Ann Winblad

From Wikipedia, the free encyclopedia
Jump to navigation Jump to search
Ann L. Winblad
Ann Winblad 2008.jpg
Winblad in 2008
Born (1950-11-01) November 1, 1950 (age 69)
EducationB.A., St. Catherine University
M.A., University of St. Thomas
OccupationCo-Founder and partner of Hummer Winblad Venture Partners

Ann L. Winblad (born November 1, 1950) is a businesswoman. She is a founding partner of Hummer Winblad Venture Partners.

Early years[edit]

Ann L. Winblad was born on November 1, 1950, in Red Wing, Minnesota.[1] She was born to father Wilbur Winblad, and she and five other siblings grew up in Rushford and Farmington.[2]

During her high school years, she was a cheerleader and student valedictorian.[3] Winblad earned her Bachelor of Arts in Mathematics and in Business Administration from St. Catherine University and her master's degree in Education from the University of St. Thomas, St. Paul, Minnesota.[4] She received the John F. Cade Award for outstanding entrepreneuership in 1997.[2]

With her master's degree, Winblad joined the Federal Reserve where she worked for 13 months.[5]

Career[edit]

After earning her graduate degree, Winblad and three co-workers left the Federal Reserve to found Open Systems Inc.[2] The accounting software company was eventually sold for over $15 million six years later.[6][7] After the company was sold, Winblad became a tech consultant from IBM and Microsoft.[8] Winblad began dating Bill Gates and invested in Microsoft in the 1980s.[8] They met in 1984 at a Ben Rosen-Esther Dyson computer conference and dated for a few years.[9] Even though they broke up after a few years, they remained friends.[7]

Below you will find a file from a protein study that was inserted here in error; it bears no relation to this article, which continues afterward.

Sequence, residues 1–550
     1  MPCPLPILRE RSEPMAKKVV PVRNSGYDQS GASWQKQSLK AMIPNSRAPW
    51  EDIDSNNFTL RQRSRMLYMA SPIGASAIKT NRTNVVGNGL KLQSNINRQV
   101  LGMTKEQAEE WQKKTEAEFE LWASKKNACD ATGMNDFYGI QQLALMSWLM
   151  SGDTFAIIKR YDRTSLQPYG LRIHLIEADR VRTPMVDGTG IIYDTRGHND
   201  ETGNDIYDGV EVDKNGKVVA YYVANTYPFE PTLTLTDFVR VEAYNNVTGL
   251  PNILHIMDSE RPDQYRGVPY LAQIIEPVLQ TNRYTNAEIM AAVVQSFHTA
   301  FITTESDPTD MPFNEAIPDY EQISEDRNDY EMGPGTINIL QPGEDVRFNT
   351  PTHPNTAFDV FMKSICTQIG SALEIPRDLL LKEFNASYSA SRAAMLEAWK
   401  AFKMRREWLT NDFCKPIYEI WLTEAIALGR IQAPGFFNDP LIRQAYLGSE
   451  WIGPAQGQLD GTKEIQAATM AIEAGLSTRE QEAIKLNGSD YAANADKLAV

In 1989 with John Hummer, she co-founded the venture capital firm Hummer Winblad Venture Partners.[7] However, it took nearly two years to raise enough funds to launch Hummer Winblad, with IBM and St. Paul Companies investing in them.[2] In its fledgling years, Hummer Winblad Venture Partners launched 16 startups.[8]

In 2000, Winblad was inducted into the Fortune Small Business Hall of Fame.[10]

Honors[edit]

  • 2017 Award for Exemplary Women honoree.[11]
  • SVForum Visionary Award[12]

References[edit]

  1. ^ "Ann Winblad talks Kool-Aid, green tech and Bill Gates", Dec 16, 2008, Audio interview, freshdialogues.com
  2. ^ a b c d "Always a coach". news.stthomas.edu. January 1, 2001. Retrieved November 30, 2019.
  3. ^ Krismann, Carol (2005). Encyclopedia of American Women in Business: M-Z. Greenwood Publishing Group. pp. 561–563. ISBN 9780313333842. Retrieved December 1, 2019.
  4. ^ "VCChat: Questions VCs Ask Hummer Winblad & Gelt Ventures". meetup.com. October 17, 2019. Retrieved December 1, 2019.
  5. ^ Schubarth, Cromwell (October 14, 2013). "VC Ann Winblad on women in tech, sharing a hotel room with a stripper". bizjournals.com. Retrieved December 1, 2019.
  6. ^ "Ann Winblad", speaker bio for Fall 2014-2015 "Entrepreneurial Thought Leaders Seminar", stanford.edu
  7. ^ a b c "Adventure Capitalist". wired.com. September 1, 1996. Retrieved December 1, 2019.
  8. ^ a b c "Ann Winblad: the woman who built Silicon Valley". morningfuture.com. July 13, 2018. Retrieved December 1, 2019.
  9. ^ Isaacson, Walter (June 24, 2001). "IN SEARCH OF THE REAL BILL GATES". time.com. Retrieved December 1, 2019.
  10. ^ "Heroes Of Small Business From Apple's Steve Jobs to Kinko's founder Paul Orfalea to Earl Graves of Black Enterprise magazine, meet some of the most influential entrepreneurs of the past two decades in our first Hall of Fame". money.cnn.com. November 13, 2000. Retrieved December 1, 2019.
  11. ^ "Award Winners For Exemplary Women Will Be Announced At 4th Annual Women in STEM Conference". markets.businessinsider.com. September 8, 2017. Retrieved December 1, 2019.
  12. ^ SVForum Archived 2012-03-25 at the Wayback Machine, 1999 Visionary Awards.

Further reading[edit]

Lambert, Laura. (2005). "Ann Winblad." in The Internet: A Historical Encyclopedia. Part 1, Biographies. Santa Barbara, CA: ABC-CLIO. p. 238-242.